BONDS REVISITED Ten things you should know

As the equity market continues to do well, investors think less and less about bonds, and often forget some small but significant details. Here are ten things you probably knew, but may have forgotten. Happy Investing

Ten Things You Should Know
Because bonds are not usually actively traded by your average investor, it is easy to forget some important things about them.
1.       Bonds are a glorified IOU. When companies need to finance growth and development they often borrow from you by selling bonds. They not only promise to pay you back at maturity but they also pay interest, usually twice a year.
2.       Contrary to popular belief, stocks to not always outperform bonds in terms of total yield. Bonds actually provided a greater return on investment in 2000, 2001, and 2002. In 2003 stocks took over once again and proceeded to outperform bonds.
3.       You can lose money in bonds. They are not supercharged CD’s, and while their interest payment is fixed, the returns are not. They will fluctuate in value over time and that causes changes in their actual yield. Should you need to access your money prior to maturity you can easily take a loss. If interest rates have gone up since you purchased your bonds, their value will drop as they cannot compete with newer debt that has a higher interest rate. Conversely, if rates drop after your purchase, you can actually sell your bonds for a profit as they will have a higher yield than new bonds coming to the market.
4.       Once again, bond prices move opposite direction of interest rates. If interest rates fall, prices rise, and vice versa. However, if you hold a bond until maturity price fluctuations will not matter. Because the interest rate is fixed you will receive the same interest payment regardless of the value of your particular bond issues.
5.       Bonds and bond funds are vastly different. With a single bond issue you will get your interest and principal upon maturity, assuming the company does not go belly up. With a bond fund, the bonds inside the fund are frequently traded so your fund will change in price and may be at a loss when you decide to make a withdrawal.
6.       Don’t invest all your retirement money in bonds. Inflation erodes the value of your bonds while stocks stand a better chance in outpacing it. Despite the volatility of the stock market, young and middle aged persons should have a large portion of their money in stocks as they do outperform any investment vehicle, given time. Even retirees should have a portion of their investments in stocks.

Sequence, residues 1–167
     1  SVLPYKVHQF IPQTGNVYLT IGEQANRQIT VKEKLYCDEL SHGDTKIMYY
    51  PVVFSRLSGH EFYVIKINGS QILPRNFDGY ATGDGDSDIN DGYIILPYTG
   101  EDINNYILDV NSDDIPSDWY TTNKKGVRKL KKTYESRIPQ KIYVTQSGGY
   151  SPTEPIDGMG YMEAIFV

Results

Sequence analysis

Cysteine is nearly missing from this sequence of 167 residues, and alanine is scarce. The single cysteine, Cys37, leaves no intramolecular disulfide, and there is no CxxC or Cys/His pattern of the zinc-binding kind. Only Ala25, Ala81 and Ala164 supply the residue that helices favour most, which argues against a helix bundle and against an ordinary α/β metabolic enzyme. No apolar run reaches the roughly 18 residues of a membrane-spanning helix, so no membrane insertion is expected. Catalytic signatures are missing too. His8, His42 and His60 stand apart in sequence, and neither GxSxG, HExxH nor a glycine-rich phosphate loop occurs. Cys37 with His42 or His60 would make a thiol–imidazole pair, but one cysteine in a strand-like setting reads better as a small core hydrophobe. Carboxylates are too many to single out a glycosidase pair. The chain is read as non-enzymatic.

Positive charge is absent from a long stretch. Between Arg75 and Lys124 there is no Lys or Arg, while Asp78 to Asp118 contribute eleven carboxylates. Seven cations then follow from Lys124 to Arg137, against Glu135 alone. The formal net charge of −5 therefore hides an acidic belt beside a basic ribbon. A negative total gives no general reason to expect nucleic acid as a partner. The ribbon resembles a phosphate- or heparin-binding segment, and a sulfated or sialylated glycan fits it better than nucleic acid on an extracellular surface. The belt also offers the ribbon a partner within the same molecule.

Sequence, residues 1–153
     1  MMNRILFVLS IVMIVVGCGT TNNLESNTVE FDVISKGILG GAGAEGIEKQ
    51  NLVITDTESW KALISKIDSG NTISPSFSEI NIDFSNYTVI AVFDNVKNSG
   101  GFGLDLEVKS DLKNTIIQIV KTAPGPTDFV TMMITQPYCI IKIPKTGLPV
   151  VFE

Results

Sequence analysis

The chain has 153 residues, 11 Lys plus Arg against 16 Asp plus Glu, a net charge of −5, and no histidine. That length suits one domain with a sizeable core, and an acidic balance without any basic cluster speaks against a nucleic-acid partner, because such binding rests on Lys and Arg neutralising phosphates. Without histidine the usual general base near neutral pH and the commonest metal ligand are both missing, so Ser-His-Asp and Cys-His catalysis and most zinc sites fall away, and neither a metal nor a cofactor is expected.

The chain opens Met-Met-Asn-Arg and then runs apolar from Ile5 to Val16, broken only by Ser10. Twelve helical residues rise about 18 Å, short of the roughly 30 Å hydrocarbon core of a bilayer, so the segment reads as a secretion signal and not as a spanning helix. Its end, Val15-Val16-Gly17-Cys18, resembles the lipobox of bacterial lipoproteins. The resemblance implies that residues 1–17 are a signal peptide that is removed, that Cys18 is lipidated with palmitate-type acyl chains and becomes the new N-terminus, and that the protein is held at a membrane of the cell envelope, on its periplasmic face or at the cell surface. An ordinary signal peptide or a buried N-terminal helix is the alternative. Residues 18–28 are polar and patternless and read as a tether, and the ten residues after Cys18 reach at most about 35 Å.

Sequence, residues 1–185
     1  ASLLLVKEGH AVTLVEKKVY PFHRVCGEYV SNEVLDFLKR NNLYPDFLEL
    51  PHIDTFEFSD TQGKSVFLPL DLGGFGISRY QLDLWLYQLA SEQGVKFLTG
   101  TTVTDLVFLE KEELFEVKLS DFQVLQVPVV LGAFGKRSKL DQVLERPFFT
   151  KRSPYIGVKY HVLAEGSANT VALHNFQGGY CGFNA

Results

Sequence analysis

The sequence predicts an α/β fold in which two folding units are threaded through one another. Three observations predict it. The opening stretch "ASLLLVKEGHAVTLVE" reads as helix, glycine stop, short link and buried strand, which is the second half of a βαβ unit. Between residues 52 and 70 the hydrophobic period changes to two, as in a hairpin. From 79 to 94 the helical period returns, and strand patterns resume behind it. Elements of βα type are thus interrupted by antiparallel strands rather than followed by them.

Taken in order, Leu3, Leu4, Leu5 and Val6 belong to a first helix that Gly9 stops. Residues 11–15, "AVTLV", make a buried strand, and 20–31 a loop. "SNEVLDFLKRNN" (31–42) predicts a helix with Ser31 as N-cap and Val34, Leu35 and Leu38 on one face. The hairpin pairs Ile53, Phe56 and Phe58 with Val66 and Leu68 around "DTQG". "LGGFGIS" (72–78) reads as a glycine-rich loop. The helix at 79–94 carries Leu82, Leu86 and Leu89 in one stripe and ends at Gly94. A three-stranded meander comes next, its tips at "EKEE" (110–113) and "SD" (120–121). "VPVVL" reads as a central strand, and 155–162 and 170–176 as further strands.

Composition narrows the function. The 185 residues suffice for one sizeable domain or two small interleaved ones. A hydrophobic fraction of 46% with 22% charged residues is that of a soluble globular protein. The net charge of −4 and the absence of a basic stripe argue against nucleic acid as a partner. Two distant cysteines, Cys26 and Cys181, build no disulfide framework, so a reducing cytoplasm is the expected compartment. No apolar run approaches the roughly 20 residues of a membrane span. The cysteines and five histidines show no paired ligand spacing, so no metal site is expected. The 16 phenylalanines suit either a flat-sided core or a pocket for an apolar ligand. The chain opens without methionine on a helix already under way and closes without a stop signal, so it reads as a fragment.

7.       Think about tax free bonds, especially if your tax bracket is 28% or higher. Your real yield will be much higher. As you age and retire, your tax bracket may drop low enough that your net return may be higher with taxable bonds. Consult your tax professional before committing either way.
8.       This one is important. Pay attention to total return, not just yield. If a broker sells you an issue with a coupon of 8%, but charges you a premium of 101 for example, your actual yield will not be 8%. To get a return of 8% you would have had to purchase that bond at par, or 100 (1000 per bond). On the other hand, if the coupon is 8% but you purchase it at a discount, 99 for example, your actual yield is slightly higher that 8%.
9.       If you want capital gains and think that rates are headed lower, purchase long bonds. Consider zero coupon bonds as they will react the most as rates head down, and you stand to have the greatest gain. Keep in mind that the longer the bond the greater the volatility, so you are going to see some fluctuations along the way.
10.   If it’s steady income you desire, stick to a laddered portfolio so you are able to take advantage of changes in interest rates. You will also be able to structure the interest payments so you have a steady and predictable income stream.
So there you have it, a brief overview of bonds. Be sure to consult your tax professional to determine which is better for you, taxable or tax free bonds. Generally in your younger years, the real return on tax free bonds is highest, and as you grow older and your tax bracket is likely to be lower, you may want to buy higher yielding taxable bonds.
Good luck, and happy investing.

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